Most of the time, color distribution may vary from dog to dog. However, they will typically have a silver base on the bottom of their body and black on the top half on their body.
The hue of black can range from a dark gray to a deep black. In some instances, the German Shepherd may have silver with multiple shades of black on the coat.
These dogs are truly amazing in terms of appearance, and it’s not difficult to see why they’ve been becoming more prevalent among families in the United States.
10. Black and Cream German Shepherd
Another beautiful standard color of the GSD, the black and cream is another popular choice among owners around the world. They’re very similar in appearance to the black and silver, but a difference shade of “white.”
Instead of a metallic-like silver color, the black and cream has an off-white cream color. This cream color can vary from dog to dog, but has a hint of yellow to it.
Like the black and silver, this colored German Shepherd will have a bottom that’s primarily cream and a top that’s primarily black. Again, the black can come in different hues and it’s not uncommon to see different shades of black on this dog.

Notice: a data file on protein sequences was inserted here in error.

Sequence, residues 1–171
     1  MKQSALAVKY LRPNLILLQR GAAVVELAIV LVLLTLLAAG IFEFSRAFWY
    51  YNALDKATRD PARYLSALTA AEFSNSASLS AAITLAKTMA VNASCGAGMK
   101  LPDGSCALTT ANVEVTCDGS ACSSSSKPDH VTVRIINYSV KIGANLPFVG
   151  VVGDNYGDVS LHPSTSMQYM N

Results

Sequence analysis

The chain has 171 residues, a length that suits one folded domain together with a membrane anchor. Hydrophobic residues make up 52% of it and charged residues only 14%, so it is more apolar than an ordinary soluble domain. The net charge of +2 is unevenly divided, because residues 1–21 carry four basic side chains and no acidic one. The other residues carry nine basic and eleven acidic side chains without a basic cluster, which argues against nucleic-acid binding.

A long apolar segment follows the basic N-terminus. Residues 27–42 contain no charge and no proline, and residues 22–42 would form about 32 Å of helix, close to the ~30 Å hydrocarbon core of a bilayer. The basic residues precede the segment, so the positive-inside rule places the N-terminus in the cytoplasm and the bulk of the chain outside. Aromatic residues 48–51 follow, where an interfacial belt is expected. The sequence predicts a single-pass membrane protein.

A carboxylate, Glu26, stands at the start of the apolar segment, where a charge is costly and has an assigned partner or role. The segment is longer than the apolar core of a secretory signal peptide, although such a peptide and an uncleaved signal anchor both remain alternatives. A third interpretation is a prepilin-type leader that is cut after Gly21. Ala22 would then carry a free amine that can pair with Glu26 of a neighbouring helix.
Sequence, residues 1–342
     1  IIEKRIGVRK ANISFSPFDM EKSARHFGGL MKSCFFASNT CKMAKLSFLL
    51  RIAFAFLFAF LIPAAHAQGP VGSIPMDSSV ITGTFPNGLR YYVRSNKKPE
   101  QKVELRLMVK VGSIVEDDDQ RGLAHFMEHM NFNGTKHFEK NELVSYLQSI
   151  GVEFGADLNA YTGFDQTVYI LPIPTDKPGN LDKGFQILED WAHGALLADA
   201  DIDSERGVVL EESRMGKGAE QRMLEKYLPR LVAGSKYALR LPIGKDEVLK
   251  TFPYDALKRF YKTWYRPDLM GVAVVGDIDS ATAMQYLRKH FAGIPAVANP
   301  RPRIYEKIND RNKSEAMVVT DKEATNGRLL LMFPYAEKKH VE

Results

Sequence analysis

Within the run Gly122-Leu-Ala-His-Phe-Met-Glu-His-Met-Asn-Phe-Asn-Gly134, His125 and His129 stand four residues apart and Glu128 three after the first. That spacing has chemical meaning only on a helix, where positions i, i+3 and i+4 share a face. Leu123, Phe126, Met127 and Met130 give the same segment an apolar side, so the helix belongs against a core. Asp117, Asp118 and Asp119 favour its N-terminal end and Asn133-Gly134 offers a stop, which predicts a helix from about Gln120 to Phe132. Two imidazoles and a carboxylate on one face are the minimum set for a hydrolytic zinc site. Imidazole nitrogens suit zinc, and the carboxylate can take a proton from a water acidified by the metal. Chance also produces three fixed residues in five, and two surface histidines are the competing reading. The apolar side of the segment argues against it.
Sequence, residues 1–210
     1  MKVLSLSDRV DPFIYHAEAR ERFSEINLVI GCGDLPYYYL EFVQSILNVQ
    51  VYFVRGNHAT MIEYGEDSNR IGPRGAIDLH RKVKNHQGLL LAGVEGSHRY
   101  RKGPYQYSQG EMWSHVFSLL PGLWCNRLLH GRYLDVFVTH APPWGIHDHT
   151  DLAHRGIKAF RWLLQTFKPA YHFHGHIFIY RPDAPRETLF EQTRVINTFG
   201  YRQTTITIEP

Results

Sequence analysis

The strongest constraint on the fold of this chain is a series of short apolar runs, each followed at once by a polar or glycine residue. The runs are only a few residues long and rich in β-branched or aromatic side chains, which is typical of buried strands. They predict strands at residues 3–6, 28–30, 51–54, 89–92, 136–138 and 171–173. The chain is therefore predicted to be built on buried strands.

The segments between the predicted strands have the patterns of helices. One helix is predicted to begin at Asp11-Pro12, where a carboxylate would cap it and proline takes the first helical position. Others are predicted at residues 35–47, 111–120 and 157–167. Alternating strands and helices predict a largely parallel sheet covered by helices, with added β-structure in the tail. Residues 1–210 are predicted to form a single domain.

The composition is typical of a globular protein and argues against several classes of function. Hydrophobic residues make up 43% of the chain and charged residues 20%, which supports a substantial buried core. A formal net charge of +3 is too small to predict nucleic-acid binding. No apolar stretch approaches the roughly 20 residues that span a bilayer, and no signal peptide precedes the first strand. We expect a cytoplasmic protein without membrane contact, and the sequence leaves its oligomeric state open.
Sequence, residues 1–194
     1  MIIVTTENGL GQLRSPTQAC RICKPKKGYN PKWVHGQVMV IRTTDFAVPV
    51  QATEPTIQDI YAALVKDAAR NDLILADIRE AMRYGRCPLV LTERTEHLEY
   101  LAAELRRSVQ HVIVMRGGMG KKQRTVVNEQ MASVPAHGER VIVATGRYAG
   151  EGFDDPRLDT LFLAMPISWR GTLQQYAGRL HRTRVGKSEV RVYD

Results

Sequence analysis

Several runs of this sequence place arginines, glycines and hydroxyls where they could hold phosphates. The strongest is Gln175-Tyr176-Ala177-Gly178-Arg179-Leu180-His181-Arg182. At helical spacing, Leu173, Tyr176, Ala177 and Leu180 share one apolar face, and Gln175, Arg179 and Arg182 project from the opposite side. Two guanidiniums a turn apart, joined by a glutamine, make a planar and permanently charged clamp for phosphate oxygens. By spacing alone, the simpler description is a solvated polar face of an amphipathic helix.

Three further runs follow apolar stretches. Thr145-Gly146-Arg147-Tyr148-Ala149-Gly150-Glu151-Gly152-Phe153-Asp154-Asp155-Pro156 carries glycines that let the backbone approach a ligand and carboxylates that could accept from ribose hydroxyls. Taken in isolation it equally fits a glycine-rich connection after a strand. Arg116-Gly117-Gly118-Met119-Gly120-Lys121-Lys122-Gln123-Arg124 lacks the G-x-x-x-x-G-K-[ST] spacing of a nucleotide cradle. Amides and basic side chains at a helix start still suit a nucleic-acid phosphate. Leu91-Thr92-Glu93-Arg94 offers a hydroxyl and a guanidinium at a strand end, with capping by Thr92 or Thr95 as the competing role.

Which GSD Color is Right For You?
It depends. If you are looking for a German Shepherd as a pet, then personal preference should be the top criteria. If you like how it looks, whether white, dark, or blue, then you should choose accordingly.
However, if you are considering breeding a German Shepherd or are interested in exhibitions, then your color selection should lean toward richer colorations that favor blacks and tans. Unfortunately, white will be out of the picture, despite its aesthetic appeal.
Either way, coloration in a German Shepherd covers a wide range of options, and each of them are simply that: colors. No single color indicates better health or temperament. That will instead be up to you and how you train, treat, and raise the dog.